Of course they came back. And why? Because, by their own accounts, they had no choice. They were forced to, in light of the gross miscarriage of justice that Alþingi – Iceland’s parliament and cradle of democracy – was about to engage in against them.
Let me back up slightly.
Ever since the scandal erupted in November, Alþingi has been struggling to figure out how to cope. I’m not an expert in the legality of these things, but from what I understand nothing like this has ever come up before. In fact Alþingi only created a code of ethics for itself last year (!) meaning that its newly-appointed ethics committee has never had to address anything of this nature. Or, well, anything at all.
So apparently the first thing that needed to be done was for the Speakers Committee (one of Alþingi’s standing committees) to review the case, with a view to formally passing it to the Ethics Committee. At which point it turned out that none of the members of the Speakers Committee were qualified for the task, since all had expressed their opinions of the Klaustur upfuckery previously, and so could not be considered objective.
That stalemate could only be ended through the election of a new committee, which required some acrobatic wrangling concerning rules of procedure. New legislation had to be passed, which all MPs, with the exception of the six involved, accepted unanimously.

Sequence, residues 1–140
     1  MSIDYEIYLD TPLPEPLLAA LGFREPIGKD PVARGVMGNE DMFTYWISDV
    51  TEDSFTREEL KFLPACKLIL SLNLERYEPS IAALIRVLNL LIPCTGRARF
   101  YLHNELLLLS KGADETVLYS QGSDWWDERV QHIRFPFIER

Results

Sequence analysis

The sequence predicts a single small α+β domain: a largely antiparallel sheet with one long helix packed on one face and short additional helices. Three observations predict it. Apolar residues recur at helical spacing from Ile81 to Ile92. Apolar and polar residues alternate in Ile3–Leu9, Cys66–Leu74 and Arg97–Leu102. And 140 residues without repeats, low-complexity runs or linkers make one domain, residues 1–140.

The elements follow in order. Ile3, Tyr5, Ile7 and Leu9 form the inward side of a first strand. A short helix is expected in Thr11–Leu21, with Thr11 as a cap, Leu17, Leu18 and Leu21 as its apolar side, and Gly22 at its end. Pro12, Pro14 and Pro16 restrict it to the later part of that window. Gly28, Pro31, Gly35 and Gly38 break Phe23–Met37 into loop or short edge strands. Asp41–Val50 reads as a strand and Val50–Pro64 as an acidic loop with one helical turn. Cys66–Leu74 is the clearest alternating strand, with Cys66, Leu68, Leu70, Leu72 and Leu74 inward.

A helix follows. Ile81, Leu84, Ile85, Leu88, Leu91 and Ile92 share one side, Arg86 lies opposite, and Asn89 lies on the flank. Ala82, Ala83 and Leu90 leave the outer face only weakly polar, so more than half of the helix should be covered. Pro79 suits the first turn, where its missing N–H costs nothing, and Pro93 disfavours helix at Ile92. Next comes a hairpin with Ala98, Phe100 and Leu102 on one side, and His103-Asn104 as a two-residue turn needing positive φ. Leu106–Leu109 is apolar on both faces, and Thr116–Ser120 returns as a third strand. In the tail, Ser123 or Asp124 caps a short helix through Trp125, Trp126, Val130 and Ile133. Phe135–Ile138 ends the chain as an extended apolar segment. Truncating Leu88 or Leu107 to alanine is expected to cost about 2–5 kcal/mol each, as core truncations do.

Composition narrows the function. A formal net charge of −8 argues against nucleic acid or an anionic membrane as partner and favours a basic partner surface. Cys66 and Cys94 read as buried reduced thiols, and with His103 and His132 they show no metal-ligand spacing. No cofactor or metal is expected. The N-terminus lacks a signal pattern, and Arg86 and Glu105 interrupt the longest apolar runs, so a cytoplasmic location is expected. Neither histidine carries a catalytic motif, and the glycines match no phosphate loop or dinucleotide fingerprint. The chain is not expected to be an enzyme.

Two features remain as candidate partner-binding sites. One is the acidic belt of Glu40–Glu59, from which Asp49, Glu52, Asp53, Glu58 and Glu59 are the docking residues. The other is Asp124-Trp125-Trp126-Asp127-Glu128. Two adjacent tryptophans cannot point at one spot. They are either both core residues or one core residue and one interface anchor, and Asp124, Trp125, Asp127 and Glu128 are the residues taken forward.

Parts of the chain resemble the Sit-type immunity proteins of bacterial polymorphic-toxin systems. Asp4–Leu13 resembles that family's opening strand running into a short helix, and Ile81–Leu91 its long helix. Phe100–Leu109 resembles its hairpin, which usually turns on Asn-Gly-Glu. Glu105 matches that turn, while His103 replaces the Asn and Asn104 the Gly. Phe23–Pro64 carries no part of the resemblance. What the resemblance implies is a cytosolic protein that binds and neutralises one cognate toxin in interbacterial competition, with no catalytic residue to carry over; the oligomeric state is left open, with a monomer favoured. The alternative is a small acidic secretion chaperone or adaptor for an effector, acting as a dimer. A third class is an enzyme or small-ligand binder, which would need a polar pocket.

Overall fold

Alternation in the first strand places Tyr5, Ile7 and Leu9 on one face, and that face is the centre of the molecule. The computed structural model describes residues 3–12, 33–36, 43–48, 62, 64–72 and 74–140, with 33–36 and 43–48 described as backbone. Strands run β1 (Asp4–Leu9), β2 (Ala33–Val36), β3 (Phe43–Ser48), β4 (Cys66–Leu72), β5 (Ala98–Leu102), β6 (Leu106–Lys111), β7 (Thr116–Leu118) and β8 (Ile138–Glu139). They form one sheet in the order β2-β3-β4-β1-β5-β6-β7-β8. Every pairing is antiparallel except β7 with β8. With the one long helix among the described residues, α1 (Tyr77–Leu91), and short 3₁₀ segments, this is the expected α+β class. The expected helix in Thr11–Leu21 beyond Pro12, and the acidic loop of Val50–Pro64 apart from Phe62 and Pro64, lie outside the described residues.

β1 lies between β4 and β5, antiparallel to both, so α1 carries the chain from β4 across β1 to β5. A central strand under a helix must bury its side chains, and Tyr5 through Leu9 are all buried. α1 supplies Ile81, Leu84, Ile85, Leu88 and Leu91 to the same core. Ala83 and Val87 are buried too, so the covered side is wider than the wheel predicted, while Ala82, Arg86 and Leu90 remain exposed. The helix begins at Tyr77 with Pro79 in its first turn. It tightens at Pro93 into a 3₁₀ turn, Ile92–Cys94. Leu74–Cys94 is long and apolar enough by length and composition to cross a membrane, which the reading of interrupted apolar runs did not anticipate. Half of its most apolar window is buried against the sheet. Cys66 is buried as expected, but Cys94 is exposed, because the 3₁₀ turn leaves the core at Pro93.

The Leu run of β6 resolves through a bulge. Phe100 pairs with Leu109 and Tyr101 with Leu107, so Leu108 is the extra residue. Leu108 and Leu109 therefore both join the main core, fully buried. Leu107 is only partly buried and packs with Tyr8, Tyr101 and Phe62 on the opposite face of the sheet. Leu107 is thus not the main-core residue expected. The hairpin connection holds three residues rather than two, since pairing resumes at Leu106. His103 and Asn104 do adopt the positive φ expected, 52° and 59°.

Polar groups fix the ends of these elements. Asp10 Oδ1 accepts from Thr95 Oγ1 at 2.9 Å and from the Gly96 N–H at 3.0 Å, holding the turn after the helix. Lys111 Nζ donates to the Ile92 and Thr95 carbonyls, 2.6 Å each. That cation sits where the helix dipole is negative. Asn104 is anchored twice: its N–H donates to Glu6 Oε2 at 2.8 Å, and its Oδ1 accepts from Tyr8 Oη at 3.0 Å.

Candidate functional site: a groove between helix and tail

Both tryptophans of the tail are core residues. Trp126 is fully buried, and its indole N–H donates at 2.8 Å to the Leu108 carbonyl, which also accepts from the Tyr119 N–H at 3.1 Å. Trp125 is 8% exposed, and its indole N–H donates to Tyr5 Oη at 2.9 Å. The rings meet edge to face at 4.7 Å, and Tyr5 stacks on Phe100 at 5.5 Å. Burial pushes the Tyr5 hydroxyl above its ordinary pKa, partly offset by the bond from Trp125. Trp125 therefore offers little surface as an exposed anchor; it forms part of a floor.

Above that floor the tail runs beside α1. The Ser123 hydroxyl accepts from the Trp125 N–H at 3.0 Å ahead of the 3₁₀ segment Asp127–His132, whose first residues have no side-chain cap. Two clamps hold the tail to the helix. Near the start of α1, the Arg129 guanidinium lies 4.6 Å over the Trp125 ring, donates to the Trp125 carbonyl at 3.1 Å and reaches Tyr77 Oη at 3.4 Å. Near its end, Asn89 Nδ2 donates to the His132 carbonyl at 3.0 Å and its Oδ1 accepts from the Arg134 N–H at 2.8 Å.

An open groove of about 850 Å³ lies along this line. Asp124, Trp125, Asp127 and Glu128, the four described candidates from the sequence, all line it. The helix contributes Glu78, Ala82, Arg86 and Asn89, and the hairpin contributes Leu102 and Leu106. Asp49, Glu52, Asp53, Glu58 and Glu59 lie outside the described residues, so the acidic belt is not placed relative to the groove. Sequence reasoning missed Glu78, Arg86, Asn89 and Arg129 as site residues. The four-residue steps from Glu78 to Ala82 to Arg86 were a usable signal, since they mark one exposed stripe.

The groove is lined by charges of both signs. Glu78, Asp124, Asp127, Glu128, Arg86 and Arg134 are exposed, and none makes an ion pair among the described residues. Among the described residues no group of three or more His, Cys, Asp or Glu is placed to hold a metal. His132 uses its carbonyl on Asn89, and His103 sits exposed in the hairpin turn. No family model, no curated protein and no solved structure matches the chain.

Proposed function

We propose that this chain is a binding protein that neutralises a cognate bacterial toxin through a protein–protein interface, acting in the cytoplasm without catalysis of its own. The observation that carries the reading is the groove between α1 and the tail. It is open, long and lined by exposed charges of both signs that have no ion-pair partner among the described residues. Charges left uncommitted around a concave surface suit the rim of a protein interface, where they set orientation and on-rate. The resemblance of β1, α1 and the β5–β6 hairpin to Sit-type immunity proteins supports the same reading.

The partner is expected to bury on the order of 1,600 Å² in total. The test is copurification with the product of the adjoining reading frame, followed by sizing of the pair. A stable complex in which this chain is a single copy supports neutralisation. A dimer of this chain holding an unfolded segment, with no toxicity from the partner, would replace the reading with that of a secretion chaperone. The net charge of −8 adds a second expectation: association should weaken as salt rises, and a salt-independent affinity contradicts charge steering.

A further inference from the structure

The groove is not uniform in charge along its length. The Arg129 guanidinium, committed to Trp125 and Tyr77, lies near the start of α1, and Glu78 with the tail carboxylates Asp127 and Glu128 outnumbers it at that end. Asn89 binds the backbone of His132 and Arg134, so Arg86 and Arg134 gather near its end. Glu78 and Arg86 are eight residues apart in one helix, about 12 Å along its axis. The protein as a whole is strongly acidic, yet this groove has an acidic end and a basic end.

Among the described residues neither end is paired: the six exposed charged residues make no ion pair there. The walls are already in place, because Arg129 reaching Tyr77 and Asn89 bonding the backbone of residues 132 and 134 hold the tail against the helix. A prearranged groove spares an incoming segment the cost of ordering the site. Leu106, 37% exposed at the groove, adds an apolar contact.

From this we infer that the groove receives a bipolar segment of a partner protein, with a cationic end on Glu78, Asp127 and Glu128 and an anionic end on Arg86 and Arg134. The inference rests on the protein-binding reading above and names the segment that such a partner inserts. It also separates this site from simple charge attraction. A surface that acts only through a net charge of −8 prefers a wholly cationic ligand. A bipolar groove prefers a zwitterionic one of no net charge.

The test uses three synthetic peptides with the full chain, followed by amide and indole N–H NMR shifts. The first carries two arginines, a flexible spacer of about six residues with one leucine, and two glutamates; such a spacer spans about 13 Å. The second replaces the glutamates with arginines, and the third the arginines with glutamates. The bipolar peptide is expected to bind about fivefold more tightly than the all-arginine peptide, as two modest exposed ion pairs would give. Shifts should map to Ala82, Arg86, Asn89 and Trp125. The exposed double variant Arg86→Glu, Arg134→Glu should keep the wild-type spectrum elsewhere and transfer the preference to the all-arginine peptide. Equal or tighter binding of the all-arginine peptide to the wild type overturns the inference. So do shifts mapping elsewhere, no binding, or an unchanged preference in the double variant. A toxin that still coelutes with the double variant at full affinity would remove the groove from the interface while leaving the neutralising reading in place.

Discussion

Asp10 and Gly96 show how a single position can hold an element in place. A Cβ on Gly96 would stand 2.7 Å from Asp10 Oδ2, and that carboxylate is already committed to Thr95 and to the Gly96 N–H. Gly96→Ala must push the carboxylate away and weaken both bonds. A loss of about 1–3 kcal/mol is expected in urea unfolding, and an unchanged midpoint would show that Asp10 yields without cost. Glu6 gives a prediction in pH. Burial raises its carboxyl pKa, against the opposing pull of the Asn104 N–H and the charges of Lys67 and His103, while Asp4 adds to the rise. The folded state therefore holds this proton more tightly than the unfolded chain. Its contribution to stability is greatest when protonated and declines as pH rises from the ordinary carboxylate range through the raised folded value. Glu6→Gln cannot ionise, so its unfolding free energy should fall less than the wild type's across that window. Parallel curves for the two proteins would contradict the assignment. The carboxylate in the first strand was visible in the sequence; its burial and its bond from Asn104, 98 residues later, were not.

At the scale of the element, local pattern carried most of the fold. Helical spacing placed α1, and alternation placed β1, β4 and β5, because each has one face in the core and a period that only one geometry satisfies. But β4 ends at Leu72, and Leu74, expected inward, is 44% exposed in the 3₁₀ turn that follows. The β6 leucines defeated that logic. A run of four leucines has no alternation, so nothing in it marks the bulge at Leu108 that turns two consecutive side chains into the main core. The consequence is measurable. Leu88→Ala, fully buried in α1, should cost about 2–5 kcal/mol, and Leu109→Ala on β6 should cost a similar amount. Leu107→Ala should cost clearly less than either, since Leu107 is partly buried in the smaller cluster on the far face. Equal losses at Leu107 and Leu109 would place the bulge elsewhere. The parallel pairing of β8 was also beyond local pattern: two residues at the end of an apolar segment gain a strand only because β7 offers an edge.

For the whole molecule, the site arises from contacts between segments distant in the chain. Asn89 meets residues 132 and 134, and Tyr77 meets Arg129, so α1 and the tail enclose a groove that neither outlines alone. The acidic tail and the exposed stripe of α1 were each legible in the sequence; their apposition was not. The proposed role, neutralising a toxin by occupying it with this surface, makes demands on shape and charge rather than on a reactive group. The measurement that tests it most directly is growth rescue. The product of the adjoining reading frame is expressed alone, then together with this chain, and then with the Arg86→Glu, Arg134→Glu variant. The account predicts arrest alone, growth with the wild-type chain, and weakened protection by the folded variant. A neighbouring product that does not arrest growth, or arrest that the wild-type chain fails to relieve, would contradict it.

To this the poor Klaustur victims cried bloody murder, citing an abuse of power specifically designed to bring them down.
The one individual who spouted the most disgusting remarks by far (about the Minister of Education, who is a woman) is even returning to chair one of the standing committees, despite the express wishes of a number of committee members that he step down – from that post at least. But no. He stubbornly, indignantly, maintains his unequivocal right to carry on as before.
The latest twist in the farcical defense of the fabulous four of the Centre Party came today. Since they have lost their bid to sue Bára in a proper courtroom, they are seeking to lodge a formal complaint with the Icelandic Data Protection Authority, with a view to slapping Bára with a massive fine. To that end, they maintain that she, Bára Halldórsdóttir, sat in the corner recording them on that fateful night … wait for it … disguised as a tourist.
Why a tourist, you ask? Because apparently as they were leaving after their Big Blabfest, one of them noticed her and asked the others: “Was that person there the whole time?” to which that individual responded: “Oh don’t worry, that’s just a tourist.”
A remark so loaded with implications and meaning that another entire treatise could be written just about that.
If there is a moral to this story, surely it is this: Give a man rope that is long enough, and he will hang himself. At least when that man (or woman) is a d****bag from Iceland’s Centre Party.
The post above (with the exception of the last four paragraphs) was sent out at the end of January as part of my monthly newsletter. Don’t want to miss out on any of Iceland’s sorry scandals? Subscribe to my monthly missive below.